Rowboat visited back when his debut picture book came out, PETE NO PANTS, in which he proved to be a creative thinker with some out-there ideas about picture books. For more proof, I've invited him back to talk about his latest picture book, MOST MARSHMALLOWS (made with actual marshmallows). Prepare for a treat! (No pun intended!)
e: Hiya Rowboat - welcome back! What was your creative process/medium for MOST MARSHMALLOWS, can you walk us through it?
I'm normally just a drawer and pretend watercolorist when it comes to making pictures for books. But for this book, I decided to try something new…and hopefully fun. Because sometimes making pictures for books can not feel like fun. To me. I don't know if you ever feel that way about your own picture making, Elizabeth, but I sometimes find myself slipping into some sloggy headspace where making pictures feels over-thought , and over-worked, and onerous, and full of rigor mortis. And those kinds of work-y pictures usually aren't any more fun to look at than they were to make. So I'm forever trying to remind myself to have fun…and relax. Without being one of those annoyingly unrelaxing kinds of people who is always telling other people to RELAX too much. Which…I am sorry to say…I often am. With myself. But I'm working on it. Relax…. See?
      Anyway, a few years ago, I was taking goofy pictures of little dioramas I had been making out of construction paper and cardboard and marshmallows, and acorns and little sculpey figures. For no good reason. I was just making these pictures for myself, and sometimes posting them on instagram or e-mailing pix to friends. Just to have fun. At the time I was also trying to write a story about marshmallows. A story that wasn't really going anywhere, but I felt like there was a story there even though it all mostly felt like a meaningless mushy mess. Then suddenly, one day, for no good reason, it occurred to me that maybe I should make the pictures for this meandering marshmallow story out of the pointless photos I'd been taking of the dioramas, instead of drawing the pix as I'd been planning on doing. Once I started to think about what kinds of things would be fun to build out of paper and cardboard and marshmallows, I started to notice the structure of a story falling into place.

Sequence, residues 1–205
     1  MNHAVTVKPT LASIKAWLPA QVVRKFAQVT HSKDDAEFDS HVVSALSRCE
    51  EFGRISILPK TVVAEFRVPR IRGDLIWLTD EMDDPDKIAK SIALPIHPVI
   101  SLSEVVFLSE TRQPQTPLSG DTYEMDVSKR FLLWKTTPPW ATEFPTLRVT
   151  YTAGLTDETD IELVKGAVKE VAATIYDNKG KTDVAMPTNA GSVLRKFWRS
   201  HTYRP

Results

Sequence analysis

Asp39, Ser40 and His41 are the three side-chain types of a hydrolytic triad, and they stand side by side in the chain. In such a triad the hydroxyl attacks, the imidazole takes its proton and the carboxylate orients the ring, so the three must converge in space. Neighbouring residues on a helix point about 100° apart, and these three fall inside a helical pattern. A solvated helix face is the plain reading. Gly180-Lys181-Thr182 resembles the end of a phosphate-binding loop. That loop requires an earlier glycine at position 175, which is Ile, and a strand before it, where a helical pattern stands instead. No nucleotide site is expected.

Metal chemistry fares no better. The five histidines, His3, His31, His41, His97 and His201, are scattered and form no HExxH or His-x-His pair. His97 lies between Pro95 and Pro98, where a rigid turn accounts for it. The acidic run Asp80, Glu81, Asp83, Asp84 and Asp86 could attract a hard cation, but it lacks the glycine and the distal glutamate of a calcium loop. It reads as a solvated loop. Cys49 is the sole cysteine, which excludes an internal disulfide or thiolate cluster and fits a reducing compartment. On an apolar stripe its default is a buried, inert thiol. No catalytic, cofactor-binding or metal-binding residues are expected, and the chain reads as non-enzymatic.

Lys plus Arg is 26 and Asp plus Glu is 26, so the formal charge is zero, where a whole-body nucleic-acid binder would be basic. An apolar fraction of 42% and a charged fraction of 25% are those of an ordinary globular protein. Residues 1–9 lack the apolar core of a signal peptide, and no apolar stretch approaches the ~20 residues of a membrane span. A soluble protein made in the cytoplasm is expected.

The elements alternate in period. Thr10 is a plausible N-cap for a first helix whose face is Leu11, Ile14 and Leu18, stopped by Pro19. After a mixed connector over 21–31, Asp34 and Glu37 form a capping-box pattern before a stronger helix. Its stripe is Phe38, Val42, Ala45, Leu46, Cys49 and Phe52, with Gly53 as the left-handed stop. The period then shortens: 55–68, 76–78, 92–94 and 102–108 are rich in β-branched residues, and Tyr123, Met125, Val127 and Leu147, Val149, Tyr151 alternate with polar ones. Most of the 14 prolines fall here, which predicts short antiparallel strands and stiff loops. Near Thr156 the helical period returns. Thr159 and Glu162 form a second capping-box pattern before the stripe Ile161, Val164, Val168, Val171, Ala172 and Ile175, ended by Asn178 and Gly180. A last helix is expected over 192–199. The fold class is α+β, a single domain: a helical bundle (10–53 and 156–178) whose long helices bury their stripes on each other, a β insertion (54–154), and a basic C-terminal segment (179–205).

The dioramas were all made with things lying around my house, and arranged on my desk, and lit with desk lamps, and photographed with my phone. I wanted to keep everything as unofficial-feeling as possible in order to minimize the chances that things might start to feel too work-y or precious. The hardest part for me was learning how to light the scenes. Because I am not a photographer. And I have no idea how to light things. But I slowly developed a system as a worked my way through the spreads. And I was pretty good about remembering to have fun…most of the time.


e: Is there a unique or funny story behind the creation of this story (other than the obvious)?
The idea for this book started off as a story about a poodle. Or, more specifically, marshmallows first appeared in a dream in a story I'd been trying to write about a poodle who was being bullied at school. The poodle story wound up not working, but for whatever reason I kept drawing marshmallows in my sketchbook. And then one day I started to wonder why I was always drawing marshmallows. Then I wondered what marshmallows might dream about if marshmallows had dreams. If a poodle in a story that doesn't go anywhere can dream about marshmallows, why can't a marshmallow in an idea that isn't going anywhere dream about a poodle? Right? So it was a dreaming bullied poodle that I have to thank for the creation of this story. Which means I probably need to thank my real alive dog. Because she is a poodle. And I probably wrote the poodle story in the first place because of her. Since I never thought about poodles before her. Or marshmallows. I don't really even like marshmallows. Although, to be fair, I also used to think I didn't like poodles all that much either. And it turned out I was wrong. Which is usually the case.